by JESSICA COX/Entertainment Editor
So many young adults get caught up in the endless cycle of working a job they do not enjoy – day in and day out – ultimately unhappy with the direction that life is going. It takes a very dedicated person to break away from the norm and truly follow his or her dreams.
Trevor DeRuise and his girlfriend, Sierra Davies, are those kind of people. In their book, “Project VanLife: An Epic Journey of Discovery and Perseverance Through the Eyes of Young Entrepreneurs,” this couple pulled themselves away from everyday life and chased their dreams with pure ambition. Living out of a 2000 Ford Econoline van, which they bought in Los Angeles only three weeks before they left, and taking life one day at a time, these two traveled cross country to do what most people only hope of doing: following their dream with abandon.
DeRuise is a 22-year old professional mountain bike racer. More than a year ago, he was a college student at the University of Nevada at Reno with a passion for success. Coming to the end of his undergraduate career, he knew it was time to make a decision.
“I could either go ‘the normal path’ down grad school, or just find a job,” DeRuise explains, “or really go for it and try to do something with cycling – and that’s the path I chose.”
DeRuise decided to go all in. He knew that if he put all of himself into his goal, then failing would not be an option – an attitude that later won him a silver medal at a national competition.
DeRuise and Davies began their journey in the summer of 2014. Living out of his beat up van, they traveled across the country to follow the largest professional mountain bike series in North America. The couple had various businesses in place before the trip, and they continued to run them from the road, proving that anything is possible with a little determination.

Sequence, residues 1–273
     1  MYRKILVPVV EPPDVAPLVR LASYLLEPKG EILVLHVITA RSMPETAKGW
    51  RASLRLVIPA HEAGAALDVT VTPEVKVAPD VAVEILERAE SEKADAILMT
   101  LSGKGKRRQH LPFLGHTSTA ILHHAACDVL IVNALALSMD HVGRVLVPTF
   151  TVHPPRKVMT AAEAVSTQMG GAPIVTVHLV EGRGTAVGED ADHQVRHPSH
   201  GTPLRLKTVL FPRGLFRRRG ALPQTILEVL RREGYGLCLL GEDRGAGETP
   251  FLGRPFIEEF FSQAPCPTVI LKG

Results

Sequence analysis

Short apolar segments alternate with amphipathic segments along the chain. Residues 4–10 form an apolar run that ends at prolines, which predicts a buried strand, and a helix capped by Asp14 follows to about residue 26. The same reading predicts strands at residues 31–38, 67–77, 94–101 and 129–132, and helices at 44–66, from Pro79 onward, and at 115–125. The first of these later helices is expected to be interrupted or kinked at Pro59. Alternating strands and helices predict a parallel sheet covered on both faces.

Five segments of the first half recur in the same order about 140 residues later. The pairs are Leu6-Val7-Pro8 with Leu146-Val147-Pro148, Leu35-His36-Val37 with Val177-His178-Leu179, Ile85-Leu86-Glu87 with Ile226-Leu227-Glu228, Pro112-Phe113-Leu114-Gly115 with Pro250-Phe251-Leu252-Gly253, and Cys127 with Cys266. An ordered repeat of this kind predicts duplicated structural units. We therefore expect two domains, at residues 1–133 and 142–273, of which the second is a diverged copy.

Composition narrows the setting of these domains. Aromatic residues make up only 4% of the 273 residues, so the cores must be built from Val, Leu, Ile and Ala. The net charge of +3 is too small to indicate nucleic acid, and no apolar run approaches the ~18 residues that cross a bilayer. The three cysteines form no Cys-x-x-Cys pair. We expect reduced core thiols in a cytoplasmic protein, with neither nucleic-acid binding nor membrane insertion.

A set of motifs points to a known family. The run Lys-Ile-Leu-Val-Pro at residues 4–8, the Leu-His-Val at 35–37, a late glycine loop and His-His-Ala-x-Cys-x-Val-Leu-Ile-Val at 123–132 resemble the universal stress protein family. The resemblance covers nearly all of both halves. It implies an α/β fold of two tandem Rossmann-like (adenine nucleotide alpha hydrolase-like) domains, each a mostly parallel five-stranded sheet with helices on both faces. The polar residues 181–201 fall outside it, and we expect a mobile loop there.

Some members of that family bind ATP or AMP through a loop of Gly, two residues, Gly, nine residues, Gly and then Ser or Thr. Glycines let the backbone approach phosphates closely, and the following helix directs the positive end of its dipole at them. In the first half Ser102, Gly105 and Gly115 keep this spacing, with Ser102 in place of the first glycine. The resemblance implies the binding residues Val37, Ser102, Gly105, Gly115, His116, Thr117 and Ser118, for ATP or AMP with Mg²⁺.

They had brought a hotspot box along to provide them with WiFi, but it hardly worked. They improvised by driving extra hours to find somewhere with WiFi. He explained how Davies would continue to stay on top of her work, despite the tough circumstances.
“She would sit in the parking lot, even after it was closed, just so she could use the WiFi – very late at night…” recalls DeRuise. “She would make herself carsick trying to get work done.”
In addition to keeping up with their businesses, DeRuise says there was stress from trying to keep up with his training.
“And then on top of that – the level of racing,” DeRuise added. “That was my first real season in that level of racing. I tried to stay focused and stay up on my training.”
Although that summer was quite the adventure, it was not always glamorous. From “sleeping in weird parking lots in the middle of nowhere” to staying awake all night – it was not always what someone might expect. There were times when they were not sure if their van would start up the next morning – let alone if they had enough food, water, or even enough gas in the tank to get by.
“The biggest thing that gets to you is the uncertainty of it all,” DeRuise says.
In times like these, DeRuise would focus on sticking to his routine and keep pushing through. Above all, he says he would try not to dwell on the negatives, but focus on the positives.
DeRuise’s point of view on life has changed drastically since his experience a year ago. His everyday hustle and bustle seems easy compared to what he has already been through.
“It opened my eyes to how far you can push yourself,” says DeRuise, “how much you can go through, how much you can persevere, and still make it through.”
Though when life does seem to get tough, he looks back at what he has accomplished.
“It’s so much easier to keep going now, knowing that I can keep going,” says DeRuise.
“Project VanLife” is an inspiration to young entrepreneurs around the globe. DeRuise says he finds joy knowing that he can be a part of someone’s dream. Lastly, he encourages entrepreneurs “to just go for it, and not worry about what everybody else is doing… or else you’ll never truly reach your full potential.”